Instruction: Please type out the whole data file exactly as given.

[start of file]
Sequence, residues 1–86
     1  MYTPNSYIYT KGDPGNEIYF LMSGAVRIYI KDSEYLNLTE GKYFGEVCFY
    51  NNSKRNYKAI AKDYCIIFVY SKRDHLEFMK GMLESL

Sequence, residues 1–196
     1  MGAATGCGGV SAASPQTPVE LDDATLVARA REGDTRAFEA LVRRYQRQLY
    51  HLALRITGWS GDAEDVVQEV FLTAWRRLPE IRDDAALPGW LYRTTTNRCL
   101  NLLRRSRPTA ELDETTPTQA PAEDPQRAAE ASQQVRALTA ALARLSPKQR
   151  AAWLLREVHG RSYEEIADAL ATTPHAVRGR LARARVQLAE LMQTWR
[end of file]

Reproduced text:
Sequence, residues 1–86
     1  MYTPNSYIYT KGDPGNEIYF LMSGAVRIYI KDSEYLNLTE GKYFGEVCFY
    51  NNSKRNYKAI AKDYCIIFVY SKRDHLEFMK GMLESL

Sequence, residues 1–196
     1  MGAATGCGGV SAASPQTPVE LDDATLVARA REGDTRAFEA LVRRYQRQLY
    51  HLALRITGWS GDAEDVVQEV FLTAWRRLPE IRDDAALPGW LYRTTTNRCL
   101  NLLRRSRPTA ELDETTPTQA PAEDPQRAAE ASQQVRALTA ALARLSPKQR
   151  AAWLLREVHG RSYEEIADAL ATTPHAVRGR LARARVQLAE LMQTWR